Ask those who’ve worked with him or have been longtime members and one word is repeated — vision.
NEW BEGINNING | Piazza, center, celebrates the consecration of Cathedral of Hope’s new sanctuary in 1992 with then associate pastors the Rev. Carol West, left, and the Rev. Paul Tucker.
Annette and Pat, who asked that their last names not be used, were on the board of the church when Piazza was hired and were the first couple in Dallas to meet him in person.
“We picked him up from the airport,” said Annette.
Piazza had flown in from Jacksonville where he was pastor of an MCC that he nurtured from 28 members to 270 in a short time.
“He was a visionary for the church,” Annette said. “He saw potential in us. He took worship to a different level.”
She said that as soon as Piazza got to Dallas, he demanded quite a bit from the congregation: Services would start on time; dress was more respectful, and while church was a great place to meet people, it wasn’t for cruising.
Annette said those steps led to the growth that led to the new cathedral.
“The church wouldn’t be what it is today if he wasn’t there at that time,” she said.
The Rev. Carol West, now pastor of Celebration Community Church in Fort Worth, calls Piazza her mentor. She was the first woman licensed and ordained under him.
While acknowledging their sometimes-stormy relationship, she said, “I think Mike is a visionary. My belief is he took this community to a place they were ready to go.”
She said that when he arrived in Dallas in 1987 in the middle of the AIDS crisis, the LGBT community was doing nothing but taking care of people with AIDS.
“He [Piazza] always had a vision of the community having more,” West said. “He helped our community get our voice.”
She called him a model for many pastors and thanked him for getting her to her current position.
Cathedral of Hope’s current senior pastor, the Rev. Jo Hudson, called Piazza “one of the best and most creative preachers I’ve ever known.”
She, too, remarked on Piazza’s clarity of vision for the church from Day One.
“He gave them courage and direction,” she said. “He made the church a visible sign of hope.”
Piazza said he did three things when he first arrived that helped the church become what it is. The first he called “big worship.”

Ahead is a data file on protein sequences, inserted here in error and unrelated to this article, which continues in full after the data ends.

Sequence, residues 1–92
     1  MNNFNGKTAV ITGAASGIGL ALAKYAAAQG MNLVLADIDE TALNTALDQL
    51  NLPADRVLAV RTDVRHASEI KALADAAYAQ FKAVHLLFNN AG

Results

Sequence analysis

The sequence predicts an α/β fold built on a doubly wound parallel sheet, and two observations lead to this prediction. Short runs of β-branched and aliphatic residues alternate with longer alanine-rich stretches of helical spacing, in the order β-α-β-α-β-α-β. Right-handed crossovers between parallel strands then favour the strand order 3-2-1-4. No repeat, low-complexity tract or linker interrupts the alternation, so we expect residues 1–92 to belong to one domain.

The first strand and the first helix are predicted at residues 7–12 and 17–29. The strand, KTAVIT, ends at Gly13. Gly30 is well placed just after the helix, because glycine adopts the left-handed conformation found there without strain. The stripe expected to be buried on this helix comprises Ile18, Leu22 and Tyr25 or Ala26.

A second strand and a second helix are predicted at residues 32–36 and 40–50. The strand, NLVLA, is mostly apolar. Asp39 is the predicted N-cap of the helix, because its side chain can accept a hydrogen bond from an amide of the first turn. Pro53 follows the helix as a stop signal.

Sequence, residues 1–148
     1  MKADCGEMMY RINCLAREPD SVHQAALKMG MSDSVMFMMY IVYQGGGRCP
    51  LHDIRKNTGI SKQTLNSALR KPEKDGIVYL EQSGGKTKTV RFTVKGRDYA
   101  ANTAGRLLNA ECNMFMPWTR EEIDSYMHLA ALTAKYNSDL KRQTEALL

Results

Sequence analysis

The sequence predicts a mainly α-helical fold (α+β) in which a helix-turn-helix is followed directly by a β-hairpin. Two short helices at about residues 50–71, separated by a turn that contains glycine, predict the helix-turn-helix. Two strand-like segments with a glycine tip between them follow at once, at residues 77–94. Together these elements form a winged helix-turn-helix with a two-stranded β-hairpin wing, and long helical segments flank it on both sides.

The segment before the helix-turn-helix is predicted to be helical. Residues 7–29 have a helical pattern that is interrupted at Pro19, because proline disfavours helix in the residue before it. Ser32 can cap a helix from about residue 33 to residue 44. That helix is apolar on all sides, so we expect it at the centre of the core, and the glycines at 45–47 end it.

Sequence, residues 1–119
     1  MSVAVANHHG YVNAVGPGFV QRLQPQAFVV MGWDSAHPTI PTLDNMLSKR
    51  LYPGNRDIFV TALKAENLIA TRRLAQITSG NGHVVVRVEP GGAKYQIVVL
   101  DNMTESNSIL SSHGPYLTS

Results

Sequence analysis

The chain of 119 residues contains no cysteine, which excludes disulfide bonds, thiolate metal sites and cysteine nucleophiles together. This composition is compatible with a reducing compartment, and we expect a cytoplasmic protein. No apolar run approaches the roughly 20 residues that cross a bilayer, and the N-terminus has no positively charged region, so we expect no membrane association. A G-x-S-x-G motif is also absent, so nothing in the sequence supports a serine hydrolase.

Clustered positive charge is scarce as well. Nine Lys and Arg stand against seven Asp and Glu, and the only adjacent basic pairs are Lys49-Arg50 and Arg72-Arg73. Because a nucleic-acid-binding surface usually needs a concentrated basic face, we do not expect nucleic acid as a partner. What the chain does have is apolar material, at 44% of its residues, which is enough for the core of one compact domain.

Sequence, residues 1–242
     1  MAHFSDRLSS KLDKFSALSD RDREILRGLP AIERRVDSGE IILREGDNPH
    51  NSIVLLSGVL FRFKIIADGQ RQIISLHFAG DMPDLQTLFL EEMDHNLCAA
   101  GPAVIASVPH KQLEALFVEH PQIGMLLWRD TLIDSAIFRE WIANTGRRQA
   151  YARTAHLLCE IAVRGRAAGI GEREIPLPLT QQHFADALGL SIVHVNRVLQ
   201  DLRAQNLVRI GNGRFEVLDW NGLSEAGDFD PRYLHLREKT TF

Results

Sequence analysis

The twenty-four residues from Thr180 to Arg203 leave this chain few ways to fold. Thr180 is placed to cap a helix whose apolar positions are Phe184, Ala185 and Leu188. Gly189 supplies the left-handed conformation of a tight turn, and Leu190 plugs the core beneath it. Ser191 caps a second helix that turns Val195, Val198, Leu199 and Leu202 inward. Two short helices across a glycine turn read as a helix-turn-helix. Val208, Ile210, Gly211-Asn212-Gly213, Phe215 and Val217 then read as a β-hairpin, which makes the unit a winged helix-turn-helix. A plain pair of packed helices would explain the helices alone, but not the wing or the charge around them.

He said when he arrived in Dallas, the church was already doing enthusiastic, joyous services well. He helped make it bigger but also made sure it was visitor friendly.
Visitors needed to be welcomed and the service had to be easy to follow, Piazza said. That included simple things like a service bulletin that was done well.
But the congregation also needed a sense of community, a sense of intimacy, Piazza believed. To accomplish that as the church grew, small groups were formed to keep people engaged.
“That way it didn’t matter how big we became,” he said.
The third component was community service, and that, Piazza said, gained the church respect.
“This church gave away hundreds of thousands of dollars,” he said.
Piazza related a story told by the Rev. Paul Tucker, who is now senior pastor at All God’s Children MCC in Minneapolis, about a conversation he overheard at a diner in Oak Lawn.
“We were in the paper for something like air conditioning Maple Lawn Elementary School’s gym. These two old codgers were sitting behind Paul reading the paper, and they were talking about the church. One said, ‘I don’t know about this queer stuff, but that church does more good than any other church in this city.’”
One of the programs Piazza started soon after he arrived was a weekend hot meals program for neighborhood children. The area around the church on Reagan Street was very poor and children who were fed in school during the week were going hungry over the weekend.
“Men in wheelchairs with AIDS would come to feed those children,” he said. “This church became respectable.”
So respectable and even admired that even Criswell had to stop denouncing Piazza and the church from the pulpit. Groups like the KKK stopped picketing them. The council of churches approached Piazza and begged the church, to join. Piazza refused because by that time, the church had nothing to gain from council membership.